6. If possible, clean the animals (i.e., wipe out their eyes, mouths and nostrils).
    7. If possible, move animals away from the residue of the disaster.
    8. Treat wounds of injured animals so their comfort level improves.

    Feed, Safety and Shelter

    Animals and livestock often relate security to the familiarity of their surroundings. In some cases, you may be able to return them to familiar surroundings and enhance their recovery. Unfortunately, a disaster often impacts the familiar surroundings altering the landscape’s character, feel, smell, look and layout. To enhance the animal’s comfort level, find another place with similar characteristics. Move the livestock there until you can remedy the damage.

    Feed and water are a big part in livestock disaster recovery. In addition to the health and nutrient aspects of appropriate feed and water, livestock can become very picky to eat and drink if their feed and water do not smell and taste familiar. This nervousness is usually greater during and after disasters.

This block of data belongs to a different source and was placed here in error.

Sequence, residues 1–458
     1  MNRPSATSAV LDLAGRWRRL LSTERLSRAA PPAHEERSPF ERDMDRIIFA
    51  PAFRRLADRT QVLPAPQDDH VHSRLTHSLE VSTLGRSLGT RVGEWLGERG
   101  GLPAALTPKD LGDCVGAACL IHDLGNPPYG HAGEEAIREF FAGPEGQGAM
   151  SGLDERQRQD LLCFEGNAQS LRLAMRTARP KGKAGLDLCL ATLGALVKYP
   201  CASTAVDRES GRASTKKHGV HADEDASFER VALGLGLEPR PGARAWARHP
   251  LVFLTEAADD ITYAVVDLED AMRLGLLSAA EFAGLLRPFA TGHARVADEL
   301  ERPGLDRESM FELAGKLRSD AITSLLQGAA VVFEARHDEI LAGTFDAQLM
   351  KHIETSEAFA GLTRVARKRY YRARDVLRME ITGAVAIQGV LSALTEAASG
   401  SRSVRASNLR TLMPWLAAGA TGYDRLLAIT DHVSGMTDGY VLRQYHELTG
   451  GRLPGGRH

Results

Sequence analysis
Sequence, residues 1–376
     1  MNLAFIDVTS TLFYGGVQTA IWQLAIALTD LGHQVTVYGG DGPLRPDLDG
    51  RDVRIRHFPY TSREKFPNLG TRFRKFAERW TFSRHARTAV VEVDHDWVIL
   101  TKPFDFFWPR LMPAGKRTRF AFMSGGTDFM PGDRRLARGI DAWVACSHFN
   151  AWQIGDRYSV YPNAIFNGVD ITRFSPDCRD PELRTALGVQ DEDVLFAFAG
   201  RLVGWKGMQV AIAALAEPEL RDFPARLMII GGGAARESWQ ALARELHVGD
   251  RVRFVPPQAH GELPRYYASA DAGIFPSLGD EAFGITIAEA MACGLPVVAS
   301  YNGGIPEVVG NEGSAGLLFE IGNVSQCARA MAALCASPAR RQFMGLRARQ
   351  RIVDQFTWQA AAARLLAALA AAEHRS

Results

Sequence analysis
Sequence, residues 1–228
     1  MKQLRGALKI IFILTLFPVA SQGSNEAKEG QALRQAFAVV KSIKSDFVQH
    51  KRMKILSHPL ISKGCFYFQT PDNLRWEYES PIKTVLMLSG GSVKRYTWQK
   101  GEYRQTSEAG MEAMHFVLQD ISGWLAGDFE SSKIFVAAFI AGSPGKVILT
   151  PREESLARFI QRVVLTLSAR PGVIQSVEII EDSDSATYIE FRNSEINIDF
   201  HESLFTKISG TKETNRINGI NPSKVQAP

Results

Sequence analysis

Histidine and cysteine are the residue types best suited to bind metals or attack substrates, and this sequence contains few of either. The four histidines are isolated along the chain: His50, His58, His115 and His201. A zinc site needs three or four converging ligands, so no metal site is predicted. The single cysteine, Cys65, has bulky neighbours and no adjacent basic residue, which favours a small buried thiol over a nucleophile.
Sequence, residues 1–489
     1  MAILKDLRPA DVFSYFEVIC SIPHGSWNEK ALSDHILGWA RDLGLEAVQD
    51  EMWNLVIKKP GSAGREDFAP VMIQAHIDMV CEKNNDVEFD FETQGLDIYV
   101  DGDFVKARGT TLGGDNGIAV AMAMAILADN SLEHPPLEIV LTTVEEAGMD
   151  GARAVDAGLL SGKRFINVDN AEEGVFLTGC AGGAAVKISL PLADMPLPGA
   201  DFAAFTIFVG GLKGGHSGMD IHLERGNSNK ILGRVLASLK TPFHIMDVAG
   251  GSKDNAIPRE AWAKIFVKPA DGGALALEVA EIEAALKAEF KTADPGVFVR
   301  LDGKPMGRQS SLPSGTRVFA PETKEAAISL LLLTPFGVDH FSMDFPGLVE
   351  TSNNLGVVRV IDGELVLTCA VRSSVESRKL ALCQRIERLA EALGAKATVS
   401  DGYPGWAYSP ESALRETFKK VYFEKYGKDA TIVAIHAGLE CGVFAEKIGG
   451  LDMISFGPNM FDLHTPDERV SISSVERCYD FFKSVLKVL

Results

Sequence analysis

People who show livestock often use Kool-aidwater pails before they haul so that when the animal smells the water at a new location, the Kool-aidsmell is familiar and comfortable. Although not practical before a disaster, many animals will see several holding areas after disasters before finally going home. The Kool-aid approach to sensory familiarity can reduce stress along the way. Always remember that a calm and quiet shelter serves both physical and emotional needs for livestock.

    Reacclimating Livestock

    Since the structure and layout of your operation may change because of a natural disaster, or you decide you want to change things to enhance future management, it may be necessary to treat livestock as if they are new to the site. Let them learn the fence layout and the availability of water and feed. Your native forage feed availability may work into this process if the disaster impacted the previous forage supply. It is important for both animal safety and landscape recovery if you inhibit livestock grazing pressure on disaster-impacted sites until they become stable.

    Authors

    S. Cotton, Colorado State University Extension Pueblo County range management agent and Extension Disaster Education Network (EDEN) coordinator; T. McBride, Colorado State University Adams County Extension director (emeritus), Extension livestock agent, EDEN.